A note about The Cuddlywumps Chronicles

This blog is written and maintained by Miss Cuddlywumps, a fluffy-tailed calico cat who is both classically educated and familiar with mysteries. Comments or complaints should be addressed to Miss C rather than to author Roby Sweet. Ms. Sweet accepts no responsibility for Miss C's opinions.

Friday, May 29, 2015

The Cat Who Beat the Rats…with His Wooden Leg



A short but tall tale told by Miss Cuddlywumps


John the cat before his unfortunate
accident. (It is surprisingly difficult
to find a picture of a cat with a
wooden leg.)
Way, way back in the first half of the twentieth century, there was a ship called the USS Abarenda that sailed the Asian seas. This particular ship had a particular cat, John, who once had an unfortunate accident that left him missing one front leg. But not to worry. John the cat was surrounded by sailors whose natural inclination was to fit him with a wooden leg. (Yes, I know that cats can get along just fine on three legs, but this is a tall tale, so stick with me.)

Now, you might think that a wooden leg would be a hindrance to a ship’s cat in that it would make it harder for him to perform his main job of catching rodents. In this, you would be wrong. John the cat actually found his new leg to be quite a useful tool, as he could use it to beat rats over the head. This he did with glee, until one day he encountered one of the biggest, meanest rats ever seen on any ship on any of the seven seas. John cornered this rat and commenced to beat it with his leg. The giant rat was successfully subdued, but at great cost: John had broken his wooden leg.

But not to worry. The clever sailors soon fashioned him a better leg, a stronger leg—a leg made of iron. Only they failed to take into account the weight of an iron leg. Now John the cat had a stronger leg with which to beat the rats, but he was no longer nimble enough to catch them. What to do?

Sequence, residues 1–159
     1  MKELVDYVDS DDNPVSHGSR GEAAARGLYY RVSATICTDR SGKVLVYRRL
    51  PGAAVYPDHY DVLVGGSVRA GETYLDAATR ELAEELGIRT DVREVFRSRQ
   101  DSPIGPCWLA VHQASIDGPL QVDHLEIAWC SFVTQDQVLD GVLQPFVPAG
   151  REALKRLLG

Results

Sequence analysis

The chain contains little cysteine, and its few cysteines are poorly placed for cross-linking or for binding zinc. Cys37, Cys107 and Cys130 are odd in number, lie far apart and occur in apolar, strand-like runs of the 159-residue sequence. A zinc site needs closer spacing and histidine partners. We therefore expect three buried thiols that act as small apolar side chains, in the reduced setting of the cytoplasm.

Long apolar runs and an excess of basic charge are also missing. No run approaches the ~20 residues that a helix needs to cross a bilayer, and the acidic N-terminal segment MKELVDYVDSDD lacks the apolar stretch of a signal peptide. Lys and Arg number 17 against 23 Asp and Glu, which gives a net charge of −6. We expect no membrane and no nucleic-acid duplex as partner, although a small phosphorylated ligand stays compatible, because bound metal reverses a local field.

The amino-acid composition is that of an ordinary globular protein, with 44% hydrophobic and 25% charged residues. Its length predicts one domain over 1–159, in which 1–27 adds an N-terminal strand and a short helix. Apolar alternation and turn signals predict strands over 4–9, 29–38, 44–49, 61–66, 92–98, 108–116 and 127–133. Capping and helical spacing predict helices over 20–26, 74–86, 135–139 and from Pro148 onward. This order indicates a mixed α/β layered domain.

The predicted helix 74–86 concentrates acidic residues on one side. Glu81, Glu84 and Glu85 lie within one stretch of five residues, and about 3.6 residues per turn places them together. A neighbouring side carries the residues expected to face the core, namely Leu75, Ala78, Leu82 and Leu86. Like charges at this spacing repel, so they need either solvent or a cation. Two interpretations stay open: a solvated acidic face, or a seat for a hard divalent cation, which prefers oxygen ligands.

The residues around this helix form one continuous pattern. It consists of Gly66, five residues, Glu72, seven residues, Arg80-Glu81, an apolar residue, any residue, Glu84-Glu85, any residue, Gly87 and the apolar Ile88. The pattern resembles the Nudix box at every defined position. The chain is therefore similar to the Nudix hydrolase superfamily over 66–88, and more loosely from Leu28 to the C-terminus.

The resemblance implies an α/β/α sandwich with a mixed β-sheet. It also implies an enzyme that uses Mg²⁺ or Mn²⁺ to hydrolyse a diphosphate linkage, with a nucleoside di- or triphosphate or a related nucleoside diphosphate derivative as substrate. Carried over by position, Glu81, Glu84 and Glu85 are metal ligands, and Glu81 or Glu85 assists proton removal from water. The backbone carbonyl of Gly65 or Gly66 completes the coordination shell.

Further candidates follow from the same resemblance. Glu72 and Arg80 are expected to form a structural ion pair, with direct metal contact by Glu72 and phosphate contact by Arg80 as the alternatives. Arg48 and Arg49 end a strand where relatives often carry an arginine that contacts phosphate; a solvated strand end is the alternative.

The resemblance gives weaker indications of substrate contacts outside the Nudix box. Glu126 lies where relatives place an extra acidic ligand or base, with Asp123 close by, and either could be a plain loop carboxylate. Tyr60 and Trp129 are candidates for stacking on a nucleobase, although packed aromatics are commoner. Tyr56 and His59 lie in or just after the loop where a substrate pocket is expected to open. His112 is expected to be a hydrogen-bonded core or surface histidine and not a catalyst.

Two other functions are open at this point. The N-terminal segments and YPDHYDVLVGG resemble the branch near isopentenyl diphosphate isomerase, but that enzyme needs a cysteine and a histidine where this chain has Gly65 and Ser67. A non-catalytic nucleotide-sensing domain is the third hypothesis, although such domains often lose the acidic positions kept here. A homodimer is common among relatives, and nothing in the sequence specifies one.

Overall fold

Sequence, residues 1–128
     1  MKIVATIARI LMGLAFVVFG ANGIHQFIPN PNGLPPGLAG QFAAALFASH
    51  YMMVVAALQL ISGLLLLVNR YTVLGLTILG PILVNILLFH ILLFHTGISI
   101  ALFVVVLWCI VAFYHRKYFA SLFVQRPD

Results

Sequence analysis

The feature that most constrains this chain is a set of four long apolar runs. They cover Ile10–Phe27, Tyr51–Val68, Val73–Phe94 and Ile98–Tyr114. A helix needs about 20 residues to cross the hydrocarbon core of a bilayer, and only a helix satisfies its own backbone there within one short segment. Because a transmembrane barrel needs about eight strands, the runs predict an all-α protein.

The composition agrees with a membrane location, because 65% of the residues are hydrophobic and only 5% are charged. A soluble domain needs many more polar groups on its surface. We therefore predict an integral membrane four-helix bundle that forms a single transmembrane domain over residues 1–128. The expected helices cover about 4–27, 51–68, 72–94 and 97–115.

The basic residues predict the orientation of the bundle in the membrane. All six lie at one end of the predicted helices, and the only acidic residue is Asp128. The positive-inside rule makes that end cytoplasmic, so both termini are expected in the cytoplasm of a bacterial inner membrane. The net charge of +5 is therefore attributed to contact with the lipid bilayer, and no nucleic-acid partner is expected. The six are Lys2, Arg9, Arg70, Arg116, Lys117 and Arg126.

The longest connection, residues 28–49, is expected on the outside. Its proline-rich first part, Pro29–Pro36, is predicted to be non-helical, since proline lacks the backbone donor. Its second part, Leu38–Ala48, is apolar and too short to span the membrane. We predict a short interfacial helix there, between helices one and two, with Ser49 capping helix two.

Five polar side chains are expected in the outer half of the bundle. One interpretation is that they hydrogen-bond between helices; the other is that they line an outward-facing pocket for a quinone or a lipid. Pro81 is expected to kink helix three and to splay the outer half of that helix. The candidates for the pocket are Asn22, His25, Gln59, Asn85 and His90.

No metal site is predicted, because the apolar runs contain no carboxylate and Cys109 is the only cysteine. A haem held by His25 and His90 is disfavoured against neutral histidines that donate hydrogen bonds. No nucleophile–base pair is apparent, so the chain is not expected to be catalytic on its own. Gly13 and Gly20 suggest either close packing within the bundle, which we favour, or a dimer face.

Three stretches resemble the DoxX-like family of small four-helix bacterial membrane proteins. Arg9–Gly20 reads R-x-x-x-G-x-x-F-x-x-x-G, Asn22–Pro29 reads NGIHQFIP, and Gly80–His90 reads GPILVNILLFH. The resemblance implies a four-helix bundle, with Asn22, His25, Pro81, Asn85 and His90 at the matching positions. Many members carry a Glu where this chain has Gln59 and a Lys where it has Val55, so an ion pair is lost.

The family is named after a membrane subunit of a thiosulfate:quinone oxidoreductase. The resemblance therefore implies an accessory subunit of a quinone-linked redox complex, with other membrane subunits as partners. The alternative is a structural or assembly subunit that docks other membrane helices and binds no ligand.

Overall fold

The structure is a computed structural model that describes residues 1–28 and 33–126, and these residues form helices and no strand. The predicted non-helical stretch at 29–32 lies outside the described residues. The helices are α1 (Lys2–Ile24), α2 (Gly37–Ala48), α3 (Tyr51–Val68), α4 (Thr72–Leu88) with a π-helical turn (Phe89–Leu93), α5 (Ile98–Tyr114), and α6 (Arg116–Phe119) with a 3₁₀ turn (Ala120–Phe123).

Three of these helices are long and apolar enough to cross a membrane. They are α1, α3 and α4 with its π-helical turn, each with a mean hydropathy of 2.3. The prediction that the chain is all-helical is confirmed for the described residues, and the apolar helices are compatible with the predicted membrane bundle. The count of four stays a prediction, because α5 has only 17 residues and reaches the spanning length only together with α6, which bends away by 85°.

There is still no need to worry about John the cat, for he had his sailor friends, and they happily caught rats and presented them to him so he could beat them with his new and improved leg. This situation suited John just fine, for it eliminated all the stalking and chasing that had previously taken up so much of his day, giving him more time for sleep and meditation. With all those sailors catching rats, the vermin were soon completely exterminated, and the Abarenda gained the great distinction of being the only ratless ship in the US fleet.

John the cat, with all that free time on his paws, became a sun-puddle philosopher.

Source

This story is retold, with some embellishments, after the tale “The Wooden-Legged Cat” from The Folktale Cat (ed. Frank de Caro, August House Publishers, 1993, p. 144). It was originally collected by journalist Lowell Thomas and published in 1945.

Wednesday, May 27, 2015

1880s Tiger Stamp for Playing Cards

Wordless Wednesday


Private die playing card stamp of Russell, Morgan & Co.,
creators of the “Tigers No. 101” brand of playing cards.
For part of the nineteenth century, the U.S. government
taxed playing cards. Manufacturers could create their
own stamps, like this one featuring a fearsome tiger.
Image scanned and processed by A. Sdobnikov
(Personal collection)
[Public domain], via Wikimedia Commons.